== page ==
An AUD-backed stablecoin would be pegged 1: 1 to the Australian dollar and theoretically should not deviate from its price.

TrueAUD (used by Finder Earn) is an example of an existing AUD stablecoin.

Objectives of the project

The RBA hopes to fill gaps in its understanding of decentralized technologies and surrounding legal and regulatory provisions. It will also help the RBA recognize business models that could benefit from an AUD stablecoin.

The press release published by the RBA stated,

“The project with the DFCRC will help fill this gap by focusing on innovative use cases and business models that could be supported by issuing a CBDC. The project will also be an opportunity to delve into some technological, legal and regulatory considerations. associated with a CBDC. “

Next steps

The next steps of the project will reportedly involve the development of a small-scale AUD stablecoin designed to operate in a “gated environment”.

The RBA will invite interested participants to develop specific use cases demonstrating innovative, value-added payment and settlement services offered by an AUD stablecoin to Australian households and businesses.

“This project is an important next step in our CBDC research. We look forward to engaging with a wide range of industry participants to better understand the potential benefits a CBDC could bring to Australia.”

Said Michele Bullock, deputy governor of the RBA.

While a roadmap has yet to be released, the RBA says the project will take about a year to complete.

A document will be released in the coming months to help further explain the collaborative project and how interested participants can participate.

Nigel Dobson speaks to the Australian Blockchain Week panel.

ANZ’s stablecoin and DeFi ambitions

It is not just the government that is expressing interest in the digitization of the Australian dollar. Earlier this year, ANZ Bank unveiled its own stablecoin: A $ DC.

“An Australian dollar stablecoin issued by ANZ is an important first step in enabling our customers to find a secure gateway to the digital economy.”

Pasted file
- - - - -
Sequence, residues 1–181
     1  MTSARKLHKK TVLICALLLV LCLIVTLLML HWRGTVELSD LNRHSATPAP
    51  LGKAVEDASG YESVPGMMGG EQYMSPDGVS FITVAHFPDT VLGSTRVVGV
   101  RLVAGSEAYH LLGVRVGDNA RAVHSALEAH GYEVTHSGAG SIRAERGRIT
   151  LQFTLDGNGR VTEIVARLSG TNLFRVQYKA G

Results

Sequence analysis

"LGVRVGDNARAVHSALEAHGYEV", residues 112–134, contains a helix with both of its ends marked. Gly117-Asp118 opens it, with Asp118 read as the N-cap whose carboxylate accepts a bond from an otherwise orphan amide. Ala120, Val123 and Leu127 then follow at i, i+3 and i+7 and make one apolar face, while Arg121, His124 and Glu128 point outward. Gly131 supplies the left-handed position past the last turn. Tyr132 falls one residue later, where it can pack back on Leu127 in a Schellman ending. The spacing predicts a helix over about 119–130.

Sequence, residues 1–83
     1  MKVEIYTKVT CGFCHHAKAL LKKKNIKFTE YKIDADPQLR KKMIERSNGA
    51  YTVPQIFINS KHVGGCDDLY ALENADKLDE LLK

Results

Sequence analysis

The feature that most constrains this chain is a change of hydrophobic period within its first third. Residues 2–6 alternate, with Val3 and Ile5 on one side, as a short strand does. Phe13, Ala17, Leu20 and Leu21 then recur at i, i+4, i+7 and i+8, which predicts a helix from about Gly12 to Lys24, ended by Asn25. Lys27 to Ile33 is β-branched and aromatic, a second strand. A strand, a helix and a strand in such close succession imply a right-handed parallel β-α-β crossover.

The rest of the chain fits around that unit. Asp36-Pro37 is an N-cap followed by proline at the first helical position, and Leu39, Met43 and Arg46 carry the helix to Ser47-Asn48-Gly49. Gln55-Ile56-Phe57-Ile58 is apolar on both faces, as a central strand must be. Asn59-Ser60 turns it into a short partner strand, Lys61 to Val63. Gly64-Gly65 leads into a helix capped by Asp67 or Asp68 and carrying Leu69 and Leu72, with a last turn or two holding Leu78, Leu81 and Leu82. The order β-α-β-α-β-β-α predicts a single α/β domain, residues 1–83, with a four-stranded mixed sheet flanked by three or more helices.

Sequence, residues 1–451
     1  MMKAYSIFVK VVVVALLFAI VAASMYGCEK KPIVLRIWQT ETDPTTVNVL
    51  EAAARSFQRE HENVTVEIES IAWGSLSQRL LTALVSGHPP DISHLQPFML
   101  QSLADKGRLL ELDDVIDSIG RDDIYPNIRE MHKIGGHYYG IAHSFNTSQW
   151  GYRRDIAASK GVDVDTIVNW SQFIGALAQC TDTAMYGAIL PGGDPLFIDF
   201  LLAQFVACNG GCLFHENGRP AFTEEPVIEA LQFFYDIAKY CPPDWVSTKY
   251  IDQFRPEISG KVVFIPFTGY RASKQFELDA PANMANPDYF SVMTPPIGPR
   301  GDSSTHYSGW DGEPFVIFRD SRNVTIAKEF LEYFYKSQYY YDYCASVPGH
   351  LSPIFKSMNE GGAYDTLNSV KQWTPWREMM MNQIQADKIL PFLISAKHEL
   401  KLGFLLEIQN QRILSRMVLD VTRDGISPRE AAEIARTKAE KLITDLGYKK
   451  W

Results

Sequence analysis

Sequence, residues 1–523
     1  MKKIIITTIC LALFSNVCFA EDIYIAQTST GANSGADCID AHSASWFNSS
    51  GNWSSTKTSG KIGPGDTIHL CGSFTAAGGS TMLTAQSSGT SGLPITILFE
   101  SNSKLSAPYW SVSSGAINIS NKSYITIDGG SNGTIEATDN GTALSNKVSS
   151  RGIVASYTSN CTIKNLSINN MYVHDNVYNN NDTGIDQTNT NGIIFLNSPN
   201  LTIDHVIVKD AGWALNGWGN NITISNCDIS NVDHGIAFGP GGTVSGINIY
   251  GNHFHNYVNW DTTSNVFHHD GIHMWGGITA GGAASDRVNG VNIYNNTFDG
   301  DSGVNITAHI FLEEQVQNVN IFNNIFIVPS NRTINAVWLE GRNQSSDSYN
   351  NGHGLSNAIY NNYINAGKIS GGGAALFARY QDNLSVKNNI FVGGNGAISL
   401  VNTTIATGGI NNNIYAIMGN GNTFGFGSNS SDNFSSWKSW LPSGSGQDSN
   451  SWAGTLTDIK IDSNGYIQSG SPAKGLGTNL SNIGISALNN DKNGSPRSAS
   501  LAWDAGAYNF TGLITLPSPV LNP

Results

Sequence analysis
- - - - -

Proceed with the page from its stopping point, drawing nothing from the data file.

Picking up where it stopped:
Said Nigel Dobson, head of banking services at ANZ.

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ANZ delivered the stablecoin for Victor Smorgon Group through Zerocap, a private wealth management firm for digital assets. He has also partnered with leading digital currency companies Fireblocks, Chainalysis and OpenZeppelin to develop the A $ DC.

The bank minted 30 million of its stablecoins using a custom, EVM-compatible smart contract distributed through the Fireblocks platform. The stablecoins were transferred between the parties before being redeemed in AUD.

The initial purpose of the stablecoin is to address the operational problems of corporate customers. However, with continued development and conversations between ANZ and government regulators, the A $ DC could soon reach the bank’s 8.5 million retail customers.

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Thoughts for the future

Decentralized technologies are evolving at a rapid pace. Taxation, consumer protection and the laws surrounding these digital currencies must be part of this evolution.

Greater regulatory certainty will only help promote Australia’s next million cryptocurrency investors.

While greater regulatory certainty is viewed positively by big players in the industry, including major exchanges, it is important that regulation does not stifle innovation in Australia, considering the huge potential of the digital asset industry “,

Koinly’s head of tax, said Danny Talwar.

This information should not be construed as an endorsement of the cryptocurrency or any specific provider, service or offering. It is not a recommendation for trading. Cryptocurrencies are speculative, complex and carry significant risks: they are highly volatile and sensitive to secondary assets. Performance is unpredictable and past performance is no guarantee of future performance. Consider your circumstances and get your advice before relying on this information. You should also check the nature of any product or service (including its legal status and relevant regulatory requirements) and consult the websites of relevant regulatory authorities before making any decisions. Finder, or the author, may have holdings in the cryptocurrencies discussed.

Disclosure: The author owns a number of cryptocurrencies at the time of writing